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[] Leitfaden für IT-Sicherheitsaudit vom GAO,
January 7, 2002 

Guide helps auditors assess computer security efforts 

By Joshua Dean
jdean -!
- govexec -

Federal inspectors general and information technology executives have a
new weapon in the fight against computer hackers. 

A new guide from the General Accounting Office and the National State
Auditors Association (NSAA) describes how to create or enhance an
information security auditing program. 

Security professionals have long relied on independent penetration tests
and ethical, or ?white hat,? hacking to test the effectiveness of an
agency?s security measures. But until now, very little has been done to
measure the effectiveness of computer security initiatives. 

?Computer security has?become much more important as all levels of
government utilize information security measures to avoid data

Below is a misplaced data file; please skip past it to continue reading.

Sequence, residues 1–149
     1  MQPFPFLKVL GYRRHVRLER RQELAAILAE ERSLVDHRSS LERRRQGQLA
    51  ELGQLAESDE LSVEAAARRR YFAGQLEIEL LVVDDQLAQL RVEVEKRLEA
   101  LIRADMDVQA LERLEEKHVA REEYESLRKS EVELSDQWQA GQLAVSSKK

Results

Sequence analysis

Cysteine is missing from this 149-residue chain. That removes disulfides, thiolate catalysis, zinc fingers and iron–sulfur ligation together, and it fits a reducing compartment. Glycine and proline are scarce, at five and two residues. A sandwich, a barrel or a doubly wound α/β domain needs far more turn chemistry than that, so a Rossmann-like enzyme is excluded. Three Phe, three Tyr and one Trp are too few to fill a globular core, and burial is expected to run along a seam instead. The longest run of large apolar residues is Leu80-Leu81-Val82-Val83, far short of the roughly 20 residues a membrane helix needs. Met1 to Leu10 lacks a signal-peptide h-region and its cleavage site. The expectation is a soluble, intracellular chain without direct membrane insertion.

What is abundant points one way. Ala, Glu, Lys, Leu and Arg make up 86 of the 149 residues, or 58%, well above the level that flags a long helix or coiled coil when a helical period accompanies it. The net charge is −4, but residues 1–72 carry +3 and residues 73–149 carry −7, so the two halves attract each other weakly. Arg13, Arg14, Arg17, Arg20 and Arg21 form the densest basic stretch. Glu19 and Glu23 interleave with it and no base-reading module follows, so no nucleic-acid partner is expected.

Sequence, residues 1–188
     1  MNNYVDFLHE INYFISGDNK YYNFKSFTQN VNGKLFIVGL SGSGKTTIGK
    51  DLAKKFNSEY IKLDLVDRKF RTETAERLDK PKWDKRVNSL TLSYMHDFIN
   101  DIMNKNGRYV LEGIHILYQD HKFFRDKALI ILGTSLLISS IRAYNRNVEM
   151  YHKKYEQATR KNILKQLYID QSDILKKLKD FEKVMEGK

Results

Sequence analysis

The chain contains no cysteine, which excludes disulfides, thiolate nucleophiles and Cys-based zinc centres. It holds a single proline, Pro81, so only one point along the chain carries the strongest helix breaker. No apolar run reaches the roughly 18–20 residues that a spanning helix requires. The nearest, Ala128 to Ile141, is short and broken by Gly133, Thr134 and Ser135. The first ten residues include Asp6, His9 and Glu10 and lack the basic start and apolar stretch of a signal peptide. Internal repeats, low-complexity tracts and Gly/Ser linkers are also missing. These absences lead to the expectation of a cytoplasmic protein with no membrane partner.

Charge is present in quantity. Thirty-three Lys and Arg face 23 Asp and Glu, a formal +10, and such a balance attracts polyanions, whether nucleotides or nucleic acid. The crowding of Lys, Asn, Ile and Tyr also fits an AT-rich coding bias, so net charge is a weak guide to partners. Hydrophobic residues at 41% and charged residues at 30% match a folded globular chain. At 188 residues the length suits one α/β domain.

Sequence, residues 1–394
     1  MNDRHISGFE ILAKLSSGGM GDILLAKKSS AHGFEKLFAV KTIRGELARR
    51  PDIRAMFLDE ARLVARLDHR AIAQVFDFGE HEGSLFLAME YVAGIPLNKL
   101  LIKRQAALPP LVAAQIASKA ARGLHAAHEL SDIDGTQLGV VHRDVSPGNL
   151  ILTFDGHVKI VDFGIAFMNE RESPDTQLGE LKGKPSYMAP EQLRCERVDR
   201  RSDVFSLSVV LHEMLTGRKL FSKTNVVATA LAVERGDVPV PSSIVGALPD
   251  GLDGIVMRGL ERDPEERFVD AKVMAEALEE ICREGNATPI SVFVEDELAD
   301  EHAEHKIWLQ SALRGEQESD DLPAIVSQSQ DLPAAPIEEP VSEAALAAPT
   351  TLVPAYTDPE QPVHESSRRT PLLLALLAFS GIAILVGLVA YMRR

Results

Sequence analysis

tampering, fraud, disruptions in critical operations and inappropriate
disclosure of sensitive information,? wrote Comptroller General David
Walker and NSAA President Ronald Jones, who is also Alabama?s chief
auditor, in the introduction to the guide, ?Management Planning Guide
for Systems Security Auditing.? 

In order to remain accountable, auditors must be able to evaluate the
effectiveness of information security programs, the guide said. The
guide includes information on how to create a security auditing program,
when to use consultants, and how to identify what security skills
consultants lack. 

?Security is a big problem,? said Alan Paller, director of research at
the System Administration, Networking and Security Institute, a
technology research and education group based in Bethesda, Md. According
to Paller, security auditors can make ineffective security even more of
a problem if they are not adequately trained. ?The nontechnical auditor
becomes part of the problem,? he said. ?Technical auditors are key.? 

While the guide is aimed at use by auditors, federal agencies can use
its recommendations, too. The guide points out common security program
weaknesses such as ad hoc or poorly defined responsibilities in
technology offices, lack of education and awareness in technical staff,
failure to take full advantage of installed software, inadequate
contingency planning and lack of oversight by senior management.

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